Grains remain under selling pressure as trading closes | Tuesday, March 29, 2022
May corn ended the day down 22¢ while December was down 11¢. The May contract came within 2 pennies of the 35-day moving average today. Although this moving average has not been a closely monitored level of support in the past, it may be worth watching going forward.
May soybeans ended the day down 21¢ on the day. That was a small win for the bulls as prices were down over 40¢ at one point on the day. The close was important as the bulls were able to close over the 40-day average. Prices have not closed below that moving average since early December. November soybeans ended the day down 20¢ and below the 40-day average. Prices came within a nickel of the March 4 low, which will be an important level to watch over the short-term.
Livestock prices ended the day mixed. Feeder cattle closed $2.30 up to $4.30 higher on the day. Traders attributed the weakness in corn as a good reason for the bulls to take a run at upside targets. Live cattle were 60¢ higher in April and $1.70 higher in June. There has not been much for cash cattle reported early this week. Lean hogs closed out the day softer. April was down $1.52 while June was down $1.42.
Crude oil is down $1.50 this afternoon. That was quite impressive given the market was down over $7 during the day. Headline risk is going to remain high for the energy markets as peace talks go on today and tomorrow. Option volatility is off the high, but still very elevated. Traders are still wanting to manage risk, so option volume is high.
Although prices have bounced off the earlier lows, May corn is down 27¢, May soybeans are down 23¢, CBOT wheat is down 46¢, KC wheat is down 44¢, and Minneapolis is down 37¢.
The headline from earlier this morning indicating that Russia is considering halting the offensive and maintaining current positions sent the grain bulls scrambling. There is still considerable headline risk for the grains as negotiations commence today and tomorrow between leaders of Ukraine and Russia.
Crude oil is $4.00 off the low of the day, but still down $3.50.
Traders are seeing bearish news from Shanghai closures due to COVID, and the possibility of Russian oil hitting the world market again if peace talks go well this week. We also have to consider the month-end, and quarter end is on Thursday. Fund managers often adjust positions during these time frames.
Livestock prices are mixed at midday. Feeder cattle are still strong as April is up $3.10. Live Cattle futures have backed off their high but are still up 50¢ on the day in the April contract. Lean Hogs are down on the day. The April contract is down $1.50.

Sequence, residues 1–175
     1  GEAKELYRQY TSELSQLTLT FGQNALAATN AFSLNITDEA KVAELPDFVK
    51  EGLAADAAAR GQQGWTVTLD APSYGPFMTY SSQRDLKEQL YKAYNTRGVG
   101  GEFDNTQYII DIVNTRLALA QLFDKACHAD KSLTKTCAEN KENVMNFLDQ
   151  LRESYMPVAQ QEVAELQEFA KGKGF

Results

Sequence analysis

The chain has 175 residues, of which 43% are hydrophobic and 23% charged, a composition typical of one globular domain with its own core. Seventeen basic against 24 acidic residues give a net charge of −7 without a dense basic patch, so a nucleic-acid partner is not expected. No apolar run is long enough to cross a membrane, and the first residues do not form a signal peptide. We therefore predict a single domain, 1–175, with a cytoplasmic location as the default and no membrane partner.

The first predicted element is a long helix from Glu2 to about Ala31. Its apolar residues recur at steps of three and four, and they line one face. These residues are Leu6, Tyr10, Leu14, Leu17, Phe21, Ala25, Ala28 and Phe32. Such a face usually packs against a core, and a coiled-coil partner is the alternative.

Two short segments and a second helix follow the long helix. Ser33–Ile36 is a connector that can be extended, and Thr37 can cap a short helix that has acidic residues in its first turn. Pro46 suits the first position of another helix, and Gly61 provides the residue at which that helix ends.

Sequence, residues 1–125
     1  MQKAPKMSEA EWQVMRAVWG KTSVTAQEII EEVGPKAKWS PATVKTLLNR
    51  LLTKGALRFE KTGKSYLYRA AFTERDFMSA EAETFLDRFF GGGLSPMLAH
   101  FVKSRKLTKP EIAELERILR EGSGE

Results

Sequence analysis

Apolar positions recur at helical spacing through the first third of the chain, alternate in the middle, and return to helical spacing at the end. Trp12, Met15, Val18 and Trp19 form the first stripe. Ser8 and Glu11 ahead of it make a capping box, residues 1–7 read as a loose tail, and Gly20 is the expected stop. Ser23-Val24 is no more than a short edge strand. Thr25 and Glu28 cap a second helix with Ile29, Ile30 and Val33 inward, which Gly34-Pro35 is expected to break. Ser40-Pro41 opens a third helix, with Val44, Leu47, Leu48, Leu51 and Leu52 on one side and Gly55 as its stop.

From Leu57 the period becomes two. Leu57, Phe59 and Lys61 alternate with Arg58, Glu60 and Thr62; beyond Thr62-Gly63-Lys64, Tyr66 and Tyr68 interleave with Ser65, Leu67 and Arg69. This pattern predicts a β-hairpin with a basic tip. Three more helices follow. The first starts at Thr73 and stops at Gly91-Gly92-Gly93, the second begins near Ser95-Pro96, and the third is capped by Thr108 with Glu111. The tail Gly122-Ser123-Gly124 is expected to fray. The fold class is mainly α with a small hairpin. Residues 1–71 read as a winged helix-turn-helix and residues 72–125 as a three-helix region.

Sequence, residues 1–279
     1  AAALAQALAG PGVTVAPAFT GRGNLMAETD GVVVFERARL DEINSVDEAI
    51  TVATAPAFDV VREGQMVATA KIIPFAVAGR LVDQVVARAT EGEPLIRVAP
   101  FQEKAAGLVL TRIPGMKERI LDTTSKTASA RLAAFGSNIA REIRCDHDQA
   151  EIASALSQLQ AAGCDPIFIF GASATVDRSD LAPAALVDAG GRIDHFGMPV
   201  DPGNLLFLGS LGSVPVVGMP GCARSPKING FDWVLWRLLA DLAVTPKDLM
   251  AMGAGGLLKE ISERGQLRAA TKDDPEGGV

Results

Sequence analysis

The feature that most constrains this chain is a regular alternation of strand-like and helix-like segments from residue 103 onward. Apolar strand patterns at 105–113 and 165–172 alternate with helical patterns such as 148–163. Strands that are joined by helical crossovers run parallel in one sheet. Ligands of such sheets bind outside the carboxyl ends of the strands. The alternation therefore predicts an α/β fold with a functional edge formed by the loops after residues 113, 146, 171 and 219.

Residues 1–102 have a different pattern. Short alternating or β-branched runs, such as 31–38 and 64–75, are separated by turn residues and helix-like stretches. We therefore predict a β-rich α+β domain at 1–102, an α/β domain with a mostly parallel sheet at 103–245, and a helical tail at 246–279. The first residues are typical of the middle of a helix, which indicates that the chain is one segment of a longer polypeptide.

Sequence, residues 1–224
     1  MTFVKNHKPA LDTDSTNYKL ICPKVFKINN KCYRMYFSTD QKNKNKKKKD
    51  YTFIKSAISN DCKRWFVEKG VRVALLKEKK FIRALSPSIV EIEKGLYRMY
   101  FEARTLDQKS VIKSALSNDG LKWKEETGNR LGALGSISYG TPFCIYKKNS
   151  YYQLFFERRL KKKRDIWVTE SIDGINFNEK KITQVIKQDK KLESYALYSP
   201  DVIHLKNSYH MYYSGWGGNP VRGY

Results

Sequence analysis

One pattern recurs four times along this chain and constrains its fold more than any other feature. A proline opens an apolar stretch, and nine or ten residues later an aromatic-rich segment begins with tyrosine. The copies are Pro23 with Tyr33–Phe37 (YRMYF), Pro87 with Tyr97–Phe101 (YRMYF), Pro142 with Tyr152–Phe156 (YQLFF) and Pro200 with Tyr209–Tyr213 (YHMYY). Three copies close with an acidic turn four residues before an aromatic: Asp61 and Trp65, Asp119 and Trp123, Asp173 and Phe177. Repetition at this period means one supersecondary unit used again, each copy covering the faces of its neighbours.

Economists suspect the Federal Reserve may take more aggressive action on interest rates if the war is resolved soon. They are seeing inflation data become more concerning than they were hoping. Some traders are even thinking we could see a rate hike ahead of the next scheduled meeting of the Fed. The bond market is already starting to adjust to this more aggressive approach. The 30-year mortgage rate is nearly double what is was from the low just a few months ago.
Grain prices are under heavy selling pressure this morning as Russia is indicating a move toward de-escalation in Ukraine. The early indications are that Russia will cease advancing their military position. Does that mean entirely or just for the short term?
May corn is limit down, 35¢, while May soybeans are down 38¢. CBOT wheat is down 77¢, while KC is down 68¢. Minneapolis spring wheat is down 54¢. Traders are thinking the actions by Russia could allow for Ukraine to get spring crops planted. However, there are some analysts that feel there is a long road to recovery, and Ukrainian farmers will not be able to plant all the normal acres even if they wanted to.
Livestock prices are mixed this morning. Feeder cattle are up $3.70 in April while May is up $4.20. Live cattle are quietly higher as the April contract is up 55¢. Lean hogs are down $1.75 on April and down $2.90 on the June.
Crude oil is down $5 this morning as the headlines would suggest Russian oil could soon be available to the world. May crude did break down to $98.44 low, but has rebounded back toward the $101 level.
Watch for reports from the peace talks scheduled for today and tomorrow between Russia and Ukraine. Any signs that a deal is not going to happen could bring grains off their lows.
Editor’s Note: Bob Linneman is a commodities broker with Kluis Commodity Advisors. Linneman grew up on a diverse farm in eastern South Dakota. Between milking cows, managing a beef herd, and farming various crops, he experienced many aspects of agriculture firsthand. After graduating from North Dakota State University with a degree in business, he moved to Hawaii with his wife. There he was an associate portfolio manager for a fixed income firm that managed $2 billion in assets. After nearly two years in Hawaii, he moved back to the Midwest and began his career in commodities. Linneman is licensed as a Series 3 and Series 30 commodity broker.